‘You Need to Believe’ – Joachim Fischer (Part 2)

In part 2 of our interview with Joachim Fischer Nielsen, the Danish mixed doubles great and now England coach talks about his anxiety about European doubles badminton, and what they must do to regain their place among the best.

(Read part 1 here)

What approach would you recommend for European pairs who seek to match the best Asian pairs?

I would like to see killer eyes in players, like it’s a life-and-death match. For example, me and Christinna (Pedersen), it was like each match was our last, if we lost we’d rather jump in the sea and drown. It was either win or nothing. That’s what I’m trying to get to the players now, that they need to have the drive, so this is really important. That this isn’t something you do for fun, then you cannot compete against the best ones if you don’t give 110 percent. Of course now the Asians have improved even more.

Olympic champions Zhang Nan and Zhao Yunlei.

The post-Rio Olympics period saw the retirement or split of the best mixed doubles pairs of that time, players like Xu Chen, Ma Jin, Zhao Yunlei, Liliyana Natsir, Christinna Pedersen and yourself. Didn’t that vacuum pave the way for the dominance of Zheng Si Wei and Huang Ya Qiong?

Maybe you’re right, there were a few retirements. They (Zheng/Huang) got some of the years driving with the older generations. The players now from Europe haven’t had it this way. The gap is too big and it hurts me to see it. Even if I’m working in England, it hurts me to see the Danish players this way. We’re struggling in Denmark.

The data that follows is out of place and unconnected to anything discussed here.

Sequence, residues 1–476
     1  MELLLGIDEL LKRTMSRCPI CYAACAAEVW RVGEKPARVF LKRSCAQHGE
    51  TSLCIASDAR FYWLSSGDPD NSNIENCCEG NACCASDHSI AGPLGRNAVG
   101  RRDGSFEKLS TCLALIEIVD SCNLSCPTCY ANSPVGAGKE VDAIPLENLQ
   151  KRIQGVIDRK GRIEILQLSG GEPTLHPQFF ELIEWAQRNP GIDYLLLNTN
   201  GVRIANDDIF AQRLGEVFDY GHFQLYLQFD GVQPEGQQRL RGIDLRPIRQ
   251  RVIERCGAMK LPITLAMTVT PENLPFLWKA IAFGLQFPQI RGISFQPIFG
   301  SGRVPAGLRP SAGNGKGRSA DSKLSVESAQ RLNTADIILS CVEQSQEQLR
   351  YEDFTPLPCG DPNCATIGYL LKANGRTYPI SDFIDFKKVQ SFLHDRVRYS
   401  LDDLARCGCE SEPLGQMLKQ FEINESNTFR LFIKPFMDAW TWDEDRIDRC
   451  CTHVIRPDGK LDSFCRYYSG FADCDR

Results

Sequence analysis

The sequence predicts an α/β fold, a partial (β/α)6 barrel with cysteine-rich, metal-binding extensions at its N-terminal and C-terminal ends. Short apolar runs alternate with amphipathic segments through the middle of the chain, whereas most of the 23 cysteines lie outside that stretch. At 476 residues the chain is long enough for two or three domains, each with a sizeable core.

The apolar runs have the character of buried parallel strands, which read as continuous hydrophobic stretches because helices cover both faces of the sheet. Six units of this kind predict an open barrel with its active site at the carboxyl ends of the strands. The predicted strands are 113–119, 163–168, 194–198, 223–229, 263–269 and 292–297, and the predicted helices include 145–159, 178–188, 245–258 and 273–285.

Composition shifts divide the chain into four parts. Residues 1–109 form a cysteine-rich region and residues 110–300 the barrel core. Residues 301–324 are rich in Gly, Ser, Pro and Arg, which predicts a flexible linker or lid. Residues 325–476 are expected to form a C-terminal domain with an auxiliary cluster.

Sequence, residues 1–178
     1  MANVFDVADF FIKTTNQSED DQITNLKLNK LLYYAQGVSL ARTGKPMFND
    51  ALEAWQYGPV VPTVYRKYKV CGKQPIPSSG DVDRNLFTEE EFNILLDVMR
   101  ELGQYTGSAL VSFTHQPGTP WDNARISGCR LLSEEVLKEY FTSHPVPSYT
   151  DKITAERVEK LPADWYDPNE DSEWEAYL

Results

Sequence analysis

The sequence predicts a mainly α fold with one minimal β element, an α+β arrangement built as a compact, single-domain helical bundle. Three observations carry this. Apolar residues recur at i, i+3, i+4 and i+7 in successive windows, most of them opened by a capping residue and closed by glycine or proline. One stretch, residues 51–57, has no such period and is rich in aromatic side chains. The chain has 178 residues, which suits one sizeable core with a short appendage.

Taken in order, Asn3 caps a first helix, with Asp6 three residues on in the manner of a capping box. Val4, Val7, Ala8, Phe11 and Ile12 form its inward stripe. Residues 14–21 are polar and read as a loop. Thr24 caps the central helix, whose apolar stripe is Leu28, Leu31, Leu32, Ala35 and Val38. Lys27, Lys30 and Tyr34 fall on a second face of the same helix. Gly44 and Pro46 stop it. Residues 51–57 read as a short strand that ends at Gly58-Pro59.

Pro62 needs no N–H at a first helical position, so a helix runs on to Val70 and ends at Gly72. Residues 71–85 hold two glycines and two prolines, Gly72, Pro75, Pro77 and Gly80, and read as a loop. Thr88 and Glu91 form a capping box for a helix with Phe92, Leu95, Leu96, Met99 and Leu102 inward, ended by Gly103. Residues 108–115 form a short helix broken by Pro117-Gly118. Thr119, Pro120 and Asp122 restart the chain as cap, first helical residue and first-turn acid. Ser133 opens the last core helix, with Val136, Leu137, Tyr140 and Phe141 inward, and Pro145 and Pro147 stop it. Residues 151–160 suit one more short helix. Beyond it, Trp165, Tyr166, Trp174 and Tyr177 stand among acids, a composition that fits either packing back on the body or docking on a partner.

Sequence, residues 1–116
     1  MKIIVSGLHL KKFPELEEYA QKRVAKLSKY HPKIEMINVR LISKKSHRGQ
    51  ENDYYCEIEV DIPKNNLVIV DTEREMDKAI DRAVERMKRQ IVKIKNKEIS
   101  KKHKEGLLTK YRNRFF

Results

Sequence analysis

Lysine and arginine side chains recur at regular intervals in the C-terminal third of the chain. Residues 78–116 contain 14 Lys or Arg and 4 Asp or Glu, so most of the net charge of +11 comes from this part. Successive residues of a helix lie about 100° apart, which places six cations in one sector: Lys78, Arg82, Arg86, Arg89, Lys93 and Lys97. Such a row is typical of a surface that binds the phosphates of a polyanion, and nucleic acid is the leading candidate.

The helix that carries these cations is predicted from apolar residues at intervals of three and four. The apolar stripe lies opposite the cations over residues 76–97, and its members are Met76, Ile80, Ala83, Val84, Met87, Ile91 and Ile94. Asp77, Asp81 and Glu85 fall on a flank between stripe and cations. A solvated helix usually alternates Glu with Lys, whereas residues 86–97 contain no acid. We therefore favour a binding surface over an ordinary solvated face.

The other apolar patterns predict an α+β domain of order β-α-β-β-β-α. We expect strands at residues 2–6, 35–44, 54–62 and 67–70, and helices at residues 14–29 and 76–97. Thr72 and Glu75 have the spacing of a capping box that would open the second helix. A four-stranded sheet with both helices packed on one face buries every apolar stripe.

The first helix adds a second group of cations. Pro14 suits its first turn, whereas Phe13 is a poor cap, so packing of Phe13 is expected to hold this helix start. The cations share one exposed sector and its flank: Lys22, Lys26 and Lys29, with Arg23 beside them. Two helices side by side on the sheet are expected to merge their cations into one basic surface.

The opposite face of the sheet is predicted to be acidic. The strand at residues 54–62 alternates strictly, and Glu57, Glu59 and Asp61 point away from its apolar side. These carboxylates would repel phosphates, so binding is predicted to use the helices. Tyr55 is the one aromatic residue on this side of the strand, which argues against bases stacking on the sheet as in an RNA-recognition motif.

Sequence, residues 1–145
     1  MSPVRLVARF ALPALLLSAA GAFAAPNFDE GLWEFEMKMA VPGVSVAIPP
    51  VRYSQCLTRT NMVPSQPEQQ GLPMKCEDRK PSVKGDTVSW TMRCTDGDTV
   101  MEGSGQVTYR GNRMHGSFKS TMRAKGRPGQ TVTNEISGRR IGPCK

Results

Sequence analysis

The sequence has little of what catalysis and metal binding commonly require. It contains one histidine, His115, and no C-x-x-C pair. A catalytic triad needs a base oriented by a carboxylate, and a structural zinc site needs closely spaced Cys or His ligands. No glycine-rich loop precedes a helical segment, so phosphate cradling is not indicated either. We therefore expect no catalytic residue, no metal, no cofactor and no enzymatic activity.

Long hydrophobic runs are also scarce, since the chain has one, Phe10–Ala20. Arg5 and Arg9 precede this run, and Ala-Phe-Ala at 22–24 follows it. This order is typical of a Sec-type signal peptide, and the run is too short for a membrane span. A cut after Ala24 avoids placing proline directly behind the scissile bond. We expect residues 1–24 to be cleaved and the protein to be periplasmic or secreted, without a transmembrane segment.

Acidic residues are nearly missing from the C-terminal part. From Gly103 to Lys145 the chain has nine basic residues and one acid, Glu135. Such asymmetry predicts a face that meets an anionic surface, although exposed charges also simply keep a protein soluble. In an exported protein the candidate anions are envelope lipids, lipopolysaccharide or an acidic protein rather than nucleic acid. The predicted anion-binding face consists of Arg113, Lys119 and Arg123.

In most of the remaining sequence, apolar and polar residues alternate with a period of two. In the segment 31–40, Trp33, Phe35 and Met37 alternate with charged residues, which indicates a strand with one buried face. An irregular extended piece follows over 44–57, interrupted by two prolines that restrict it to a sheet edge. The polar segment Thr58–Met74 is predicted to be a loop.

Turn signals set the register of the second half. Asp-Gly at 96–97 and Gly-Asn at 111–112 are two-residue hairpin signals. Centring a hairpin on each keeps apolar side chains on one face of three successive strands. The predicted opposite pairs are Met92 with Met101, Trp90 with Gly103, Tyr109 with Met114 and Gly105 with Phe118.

If you were currently playing, how would you handle Zheng Si Wei and Huang Ya Qiong?

I would definitely not play speed with them because they’re definitely way better. It’s a big challenge. First of all, to beat them, you need to believe you can beat them. When I see some of the pairs that go on court, they don’t believe they can beat them. Back in the day, Zhang Nan and Zhao Yunlei were also really good, but me and Christinna trusted we could beat them. And that’s the first step. Right now I see too many give up almost at the beginning.

I feel it, after five, six or seven shuttles they give up mentally. I would like to go back and have a body of ten years ago so I can start competing again (laughs).

Zheng Si Wei and Huang Ya Qiong.

Are Zheng/Huang actually playing faster than even Zhang and Zhao and others of that generation?

Yes, I think they are. But I also think their opponents let them play (at that speed). So in this way – of course, huge respect for them, they’re crazy good badminton players, probably among the best. I still think Zhang Nan and Zhao Yunlei at their top were at least as good also. The style was different. I think there’s too many players who give up now.

But a few pairs, Praveen Jordan and Melati Daeva Oktavianti in particular, have had success against the Chinese…

Jordan is also a bit old school, he has learnt from older generations. I think he’s an incredible player, it would’ve been fun to have a player like him in England. He’s such a great player. A few ups and downs, he’s like that in his career, but they need to expect it. He has his tournaments where he hits a level that you think is crazy high, and then maybe there’s a tournament you think how can he be that low. But that’s how his style is.

How does it feel to be back on the circuit?

It is nice to be back in this way, coming to countries where I had success winning tournaments, so everyone’s nice to me and my players. I like to be back on Tour, but let’s see for how long.

Part 1: ‘Europeans Struggling in Reading the Game’

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